Important vs. urgent

There are four ways to categorize any task:

  1. Not urgent and not important—such as playing computer games.
  2. Urgent but not important—such as answering the phone. It needs to be done now, but may have no significance.
  3. Urgent and important—such as getting an extra gallon of paint so the crew can finish the job.
  4. Not urgent but important—such as working on systems for our business.

Tasks that are not urgent and not important should generally be avoided, unless they are for purposes of relaxation. They are simply a waste of time.

Tasks that are urgent, but not important can also consume a significant part of our time. Yet they contribute little or nothing to our long-term goals. These should be delegated or outsourced whenever possible.

Tasks that are urgent and important are a major cause of stress. These tasks need to be done now because the failure to do so can create other problems. These tasks should be anticipated and addressed before they become urgent. By anticipating you can deal with them while they are important but not urgent.

Tasks that are important, but not urgent help us build our business. Planning and systems building do not need to be completed today, but these tasks move our business forward. Failing to spend time on such tasks ultimately forces us to deal with more tasks that are urgent and important.

As owners of a small business our goal should be to spend as much time as possible on this last category of tasks. The more we do so, the more efficient and smoother our businesses will operate.

Systems development is a team event

Many small business owners get overwhelmed at the thought of writing hundreds, if not thousands, of procedures. I must admit that I would find such a task overwhelming, and I enjoy writing.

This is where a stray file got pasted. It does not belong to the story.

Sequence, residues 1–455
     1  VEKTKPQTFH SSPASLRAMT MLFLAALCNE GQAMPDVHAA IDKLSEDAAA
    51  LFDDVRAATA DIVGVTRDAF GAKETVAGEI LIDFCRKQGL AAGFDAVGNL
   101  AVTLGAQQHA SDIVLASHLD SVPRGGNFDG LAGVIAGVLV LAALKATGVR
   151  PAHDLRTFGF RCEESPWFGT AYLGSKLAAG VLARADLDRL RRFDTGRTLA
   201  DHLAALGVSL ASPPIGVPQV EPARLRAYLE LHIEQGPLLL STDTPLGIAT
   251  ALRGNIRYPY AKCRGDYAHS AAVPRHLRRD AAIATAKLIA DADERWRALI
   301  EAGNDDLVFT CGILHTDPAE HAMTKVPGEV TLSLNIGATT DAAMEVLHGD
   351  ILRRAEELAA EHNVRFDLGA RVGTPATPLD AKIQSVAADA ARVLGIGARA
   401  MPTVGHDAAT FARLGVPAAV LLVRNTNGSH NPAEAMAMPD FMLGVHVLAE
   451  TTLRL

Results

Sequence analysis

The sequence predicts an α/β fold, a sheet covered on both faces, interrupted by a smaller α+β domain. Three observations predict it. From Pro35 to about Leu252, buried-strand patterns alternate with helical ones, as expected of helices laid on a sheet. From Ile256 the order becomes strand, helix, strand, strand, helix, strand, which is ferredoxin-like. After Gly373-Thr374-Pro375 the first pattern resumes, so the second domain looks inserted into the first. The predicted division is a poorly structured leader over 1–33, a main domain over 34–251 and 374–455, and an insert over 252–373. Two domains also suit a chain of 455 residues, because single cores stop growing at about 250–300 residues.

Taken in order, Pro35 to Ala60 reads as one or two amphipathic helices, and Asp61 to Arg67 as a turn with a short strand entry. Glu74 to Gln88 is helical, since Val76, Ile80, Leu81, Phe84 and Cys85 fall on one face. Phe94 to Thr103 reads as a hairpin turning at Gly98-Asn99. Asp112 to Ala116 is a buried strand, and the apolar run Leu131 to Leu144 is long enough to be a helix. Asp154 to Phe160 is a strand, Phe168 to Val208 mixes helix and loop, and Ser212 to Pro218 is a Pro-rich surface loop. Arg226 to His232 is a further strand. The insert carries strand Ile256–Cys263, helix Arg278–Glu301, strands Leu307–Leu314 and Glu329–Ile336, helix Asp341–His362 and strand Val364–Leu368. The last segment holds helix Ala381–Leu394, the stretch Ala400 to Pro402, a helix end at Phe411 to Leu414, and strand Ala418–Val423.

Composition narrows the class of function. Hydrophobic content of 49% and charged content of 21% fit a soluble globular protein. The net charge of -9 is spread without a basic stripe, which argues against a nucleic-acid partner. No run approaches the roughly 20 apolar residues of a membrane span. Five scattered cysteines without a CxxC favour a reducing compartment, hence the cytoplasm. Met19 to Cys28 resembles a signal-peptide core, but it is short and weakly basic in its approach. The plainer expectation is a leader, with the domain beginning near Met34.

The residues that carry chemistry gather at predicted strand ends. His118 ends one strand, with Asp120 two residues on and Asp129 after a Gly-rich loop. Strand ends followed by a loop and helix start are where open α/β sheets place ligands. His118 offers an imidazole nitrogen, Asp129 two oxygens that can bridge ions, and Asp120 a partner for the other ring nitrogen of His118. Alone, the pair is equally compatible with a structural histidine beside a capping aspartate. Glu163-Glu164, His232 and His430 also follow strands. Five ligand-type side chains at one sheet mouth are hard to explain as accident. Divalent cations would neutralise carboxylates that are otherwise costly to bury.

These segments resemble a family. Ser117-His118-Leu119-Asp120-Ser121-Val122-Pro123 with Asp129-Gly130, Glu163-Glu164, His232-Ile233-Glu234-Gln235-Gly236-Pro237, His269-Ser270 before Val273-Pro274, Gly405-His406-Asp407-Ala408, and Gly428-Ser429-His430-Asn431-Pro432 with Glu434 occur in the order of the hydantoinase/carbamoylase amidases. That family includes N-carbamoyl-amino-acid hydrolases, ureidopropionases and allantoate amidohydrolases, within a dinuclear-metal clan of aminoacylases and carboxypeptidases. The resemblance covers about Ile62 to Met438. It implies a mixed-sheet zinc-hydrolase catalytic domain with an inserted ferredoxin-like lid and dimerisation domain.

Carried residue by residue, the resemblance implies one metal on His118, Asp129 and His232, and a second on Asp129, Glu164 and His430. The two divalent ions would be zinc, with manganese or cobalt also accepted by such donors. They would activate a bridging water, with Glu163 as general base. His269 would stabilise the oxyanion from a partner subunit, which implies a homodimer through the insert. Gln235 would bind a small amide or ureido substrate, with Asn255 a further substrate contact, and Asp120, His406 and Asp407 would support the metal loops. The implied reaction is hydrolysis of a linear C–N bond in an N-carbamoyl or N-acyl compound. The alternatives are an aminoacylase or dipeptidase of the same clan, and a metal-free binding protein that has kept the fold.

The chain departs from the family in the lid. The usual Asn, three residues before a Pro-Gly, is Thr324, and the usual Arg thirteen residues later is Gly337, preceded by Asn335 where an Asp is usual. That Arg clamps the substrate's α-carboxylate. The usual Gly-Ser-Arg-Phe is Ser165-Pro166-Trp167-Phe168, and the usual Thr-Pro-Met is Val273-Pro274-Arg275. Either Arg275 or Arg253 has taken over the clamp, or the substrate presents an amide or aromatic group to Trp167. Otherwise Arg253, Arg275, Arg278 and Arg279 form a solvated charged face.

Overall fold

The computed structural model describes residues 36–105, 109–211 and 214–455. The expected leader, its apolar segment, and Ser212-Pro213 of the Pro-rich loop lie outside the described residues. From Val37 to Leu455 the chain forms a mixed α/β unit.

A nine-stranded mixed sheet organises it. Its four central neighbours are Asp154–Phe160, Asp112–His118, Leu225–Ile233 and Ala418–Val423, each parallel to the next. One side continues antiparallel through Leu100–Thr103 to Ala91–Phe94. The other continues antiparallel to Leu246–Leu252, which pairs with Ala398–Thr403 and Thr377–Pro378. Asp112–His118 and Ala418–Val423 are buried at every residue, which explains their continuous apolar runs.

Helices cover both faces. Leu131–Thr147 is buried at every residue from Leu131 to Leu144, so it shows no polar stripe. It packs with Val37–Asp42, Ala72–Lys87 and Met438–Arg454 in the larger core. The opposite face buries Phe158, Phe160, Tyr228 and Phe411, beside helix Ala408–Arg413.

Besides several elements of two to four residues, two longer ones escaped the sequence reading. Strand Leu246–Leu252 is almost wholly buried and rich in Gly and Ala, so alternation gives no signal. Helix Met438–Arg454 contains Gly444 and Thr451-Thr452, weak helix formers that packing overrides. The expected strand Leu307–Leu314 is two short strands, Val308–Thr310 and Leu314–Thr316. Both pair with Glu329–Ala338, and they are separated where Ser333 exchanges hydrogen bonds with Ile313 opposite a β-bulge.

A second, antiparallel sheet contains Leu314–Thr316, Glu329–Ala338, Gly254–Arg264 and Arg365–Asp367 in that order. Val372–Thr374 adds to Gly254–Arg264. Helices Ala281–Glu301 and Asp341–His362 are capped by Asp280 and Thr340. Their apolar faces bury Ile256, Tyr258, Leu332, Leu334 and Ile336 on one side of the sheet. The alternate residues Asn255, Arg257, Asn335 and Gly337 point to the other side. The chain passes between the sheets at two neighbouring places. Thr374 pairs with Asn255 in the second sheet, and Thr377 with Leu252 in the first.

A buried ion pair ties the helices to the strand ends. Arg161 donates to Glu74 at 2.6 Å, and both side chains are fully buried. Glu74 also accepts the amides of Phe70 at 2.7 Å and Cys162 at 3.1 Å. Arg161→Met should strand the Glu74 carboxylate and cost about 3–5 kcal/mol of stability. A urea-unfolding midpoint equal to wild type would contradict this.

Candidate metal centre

So I will offer a little advice: Don’t do it. That may sound strange coming from an advocate of systems, but as the title implies, you should enlist your team in the effort.

The most effective way to do this is to ask them what part of their job is the most frustrating. Then work with them to eliminate that frustration. Not only will you make their job easier and more enjoyable, you will demonstrate the effectiveness of developing systems for the business.

Too often small business owners try to impose their ideas upon everyone else. While the owner certainly has this right, it is seldom the most effective approach. A baseball coach will not get the most out of his players if he constantly ignores their ideas and input. The same is true of a business owner.

If you feel overwhelmed by the challenges of owning a business, remember that you have a team behind you. Use them.

Why do small businesses fail?

According to the Small Business Administration, more than 90% of the businesses starting today will not make it to their 5th anniversary. Of those that survive 5 years, another 90% will fail within another 5 years. After 10 years, less than 1 out of 100 small businesses remain open. Why do so many businesses start with high hopes and end up as another statistic?

The reason most businesses fail is because the owner does not develop business systems. He gets what Michael Gerber (author of The E-Myth Revisited: Why Most Small Businesses Don’t Work and What to Do About It) calls “entrepreneurial seizure”. A skilled technician decides he is tired of working for someone else and hangs out his shingle–now he’ll make the big bucks. But there is much more to owning a business than having your name on the sign.

I know because I have been there and done that. For years my business wasn’t producing the results that I wanted. I suffered all the common complaints of small business owners: unmotivated employees, too few leads, low-priced competition. And then I changed my business and my life–I developed systems.

Business success is not always a matter of working harder. You must also work smarter. Working smarter means identifying the results you want, the specific actions that create those results, and then taking those actions consistently. Developing systems and procedures for your small business provides the structure and guidelines that will consistently produce the results you desire.

My e-book, Systems Development for Small Business, will help you identify the results that you want and how to take the necessary actions on a consistent basis.

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